The internet is awash with cyber-criminals and malicious software, yet we generally adopt a remarkably relaxed attitude to broadband security.
‘It won’t happen to us’ we think, as we mistype web addresses into our browsers and open social media messages from people we don’t know.
It usually takes a bad experience to make individuals more aware of broadband security and data privacy – like discovering their personal data has been compromised in a corporate hack.
Yet it’s a bit rich to criticise companies for not keeping our data secure, when most of us don’t even look after our own information…
Rolling the dice
Quite apart from the risks involved in splashing our lives across social media, few of us take any precautions in terms of our internet connections and hardware.
Have you installed a firewall, or rebooted your broadband hub to permit firmware updates?
Passwords are especially vulnerable to attack – even the code you use to connect wireless devices to the router.
The predetermined string of capital letters supplied by your ISP might seem unhackable, typically comprising an eight-digit uppercase password sporting 16.7 million combinations.
Yet a WiFi password containing 20 characters would offer far greater security, especially if it contained a blend of upper and lowercase letters plus numbers.
Even a quantum computer would struggle to crack the 704,423,425,546,998,022,968,330,264,616,370,176 possible combinations.
And how hard is it to type in PrettyFlyF0rAWiFiHu8 into the New Password field of your router settings menu?
How to improve broadband security
These simple steps will collectively help to keep you out of 2019’s cybercrime statistics:
Change your router’s admin password. This is arguably the most important step of all, since broadband routers are generally shipped with a default password of “admin”.
Broadband customers generally leave these administrative passwords unchanged, potentially enabling criminals to hack in and monitor any data being sent or received.
To adjust your router password, simply enter a four-digit IP address (typically 192.168.0.1) into any web browser, and navigate to the appropriate menu (usually Settings or Security).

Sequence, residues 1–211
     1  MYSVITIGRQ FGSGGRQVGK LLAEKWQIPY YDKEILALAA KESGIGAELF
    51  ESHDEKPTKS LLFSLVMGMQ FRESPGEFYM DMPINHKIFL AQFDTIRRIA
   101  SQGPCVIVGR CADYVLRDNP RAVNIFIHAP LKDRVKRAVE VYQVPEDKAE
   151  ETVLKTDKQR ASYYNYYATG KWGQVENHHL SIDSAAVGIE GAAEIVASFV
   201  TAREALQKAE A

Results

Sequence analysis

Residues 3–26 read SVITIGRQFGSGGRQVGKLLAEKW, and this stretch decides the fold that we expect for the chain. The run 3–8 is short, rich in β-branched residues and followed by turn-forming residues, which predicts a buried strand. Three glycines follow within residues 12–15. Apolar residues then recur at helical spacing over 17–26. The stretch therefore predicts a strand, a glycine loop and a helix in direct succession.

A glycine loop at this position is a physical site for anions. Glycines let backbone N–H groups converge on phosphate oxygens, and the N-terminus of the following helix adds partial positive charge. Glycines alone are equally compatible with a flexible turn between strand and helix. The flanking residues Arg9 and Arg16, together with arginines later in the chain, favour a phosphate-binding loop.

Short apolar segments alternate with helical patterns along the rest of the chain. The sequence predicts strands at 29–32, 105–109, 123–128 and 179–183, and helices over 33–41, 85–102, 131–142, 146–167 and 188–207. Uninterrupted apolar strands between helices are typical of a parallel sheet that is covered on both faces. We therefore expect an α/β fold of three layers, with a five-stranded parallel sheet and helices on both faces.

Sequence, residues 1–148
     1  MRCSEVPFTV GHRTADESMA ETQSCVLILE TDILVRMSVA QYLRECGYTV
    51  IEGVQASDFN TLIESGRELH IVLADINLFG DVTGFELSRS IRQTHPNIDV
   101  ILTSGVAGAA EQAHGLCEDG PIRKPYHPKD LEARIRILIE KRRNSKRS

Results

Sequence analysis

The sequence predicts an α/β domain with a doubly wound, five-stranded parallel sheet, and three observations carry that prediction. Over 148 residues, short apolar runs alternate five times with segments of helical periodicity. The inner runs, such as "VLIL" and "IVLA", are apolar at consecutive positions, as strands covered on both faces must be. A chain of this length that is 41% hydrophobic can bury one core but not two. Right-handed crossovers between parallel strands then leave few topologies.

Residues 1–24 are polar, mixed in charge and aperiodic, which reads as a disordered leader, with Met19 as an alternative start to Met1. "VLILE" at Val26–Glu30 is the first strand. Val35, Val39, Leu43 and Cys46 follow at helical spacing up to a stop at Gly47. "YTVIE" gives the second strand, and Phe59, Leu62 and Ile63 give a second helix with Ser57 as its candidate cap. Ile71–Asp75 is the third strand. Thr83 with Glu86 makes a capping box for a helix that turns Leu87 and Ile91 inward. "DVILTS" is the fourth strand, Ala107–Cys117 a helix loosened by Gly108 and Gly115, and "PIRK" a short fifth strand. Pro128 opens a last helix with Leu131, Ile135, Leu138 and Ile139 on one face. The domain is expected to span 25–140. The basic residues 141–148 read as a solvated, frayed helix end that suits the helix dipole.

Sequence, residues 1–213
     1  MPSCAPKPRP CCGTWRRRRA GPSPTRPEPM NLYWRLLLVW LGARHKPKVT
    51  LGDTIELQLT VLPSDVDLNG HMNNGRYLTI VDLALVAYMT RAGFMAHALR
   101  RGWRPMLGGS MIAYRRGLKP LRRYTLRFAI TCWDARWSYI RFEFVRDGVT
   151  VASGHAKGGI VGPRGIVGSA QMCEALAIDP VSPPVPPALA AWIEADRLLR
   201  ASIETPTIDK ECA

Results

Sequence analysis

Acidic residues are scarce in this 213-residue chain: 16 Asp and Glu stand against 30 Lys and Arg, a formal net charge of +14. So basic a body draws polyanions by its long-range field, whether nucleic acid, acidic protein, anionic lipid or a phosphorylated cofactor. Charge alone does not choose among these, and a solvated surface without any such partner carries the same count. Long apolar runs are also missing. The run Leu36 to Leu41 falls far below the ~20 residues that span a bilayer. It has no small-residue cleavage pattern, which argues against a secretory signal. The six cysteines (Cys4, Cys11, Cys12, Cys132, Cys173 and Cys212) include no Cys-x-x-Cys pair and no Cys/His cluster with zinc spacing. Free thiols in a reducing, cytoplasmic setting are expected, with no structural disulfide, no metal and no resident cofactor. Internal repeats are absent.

Change your wireless password. As explained above, altering your WiFi password is also important.
Leaving the password unchanged from the one supplied with your router might enable unwanted guests to harness your bandwidth or hack your WiFi account.
Like admin passwords, WiFi codes are a matter of public record. If your ISP ever gets hacked – which does happen – supplied passwords will be listed online for criminals to plunder.
Change the network name. These often consist of your router’s brand and model, making it far easier to hack.
Replace an identifier like Belkin660v2 with a network name that doesn’t include your surname, address or any other personal data.
Reboot the router and install software updates. Routers are under constant attack as flaws in their firmware are discovered.
Rebooting them enables software updates (or patches) created by the manufacturer to be installed, ensuring known issues won’t pose a threat any longer.
Turn on WPA2. Many broadband routers have this activated by default, but you can’t assume that’s the case.
Listed as either WPA2 Personal or WPA2-PSK, this WiFi Protected Access protocol makes it far harder for unauthorised individuals to access your wireless network.
Install antivirus software. Don’t believe the myths that Apple computers are virus-proof, or that you can stay safe simply by ignoring unknown attachments.
Even a legitimate website accessed through a search engine could end up compromised by malware, facilitating identify fraud or destroying information on any connected devices.
Create a firewall. Broadband routers tend to have a firewall designed into their firmware, but it’s always beneficial to double up on protection.
Whether you install a standalone device, or simply activate the software firewall integrated into Windows 8/10, it’ll be much harder for crooks to hack your devices.
Disable WPS. WiFi Protected Setup is designed to make life easier for consumers, but it can also benefit criminals.
When it’s activated, encryption is bypassed simply by pressing a button on the router to permit wireless connections. Sadly, WPS is relatively easy to access illegitimately.
Go online via a virtual private network. A VPN helps to improve your anonymity while using the internet, making it harder to covertly monitor your activity.
Our sister website vpns.co.uk publishes detailed lists of VPN providers, and it additionally highlights services offering exceptional levels of security.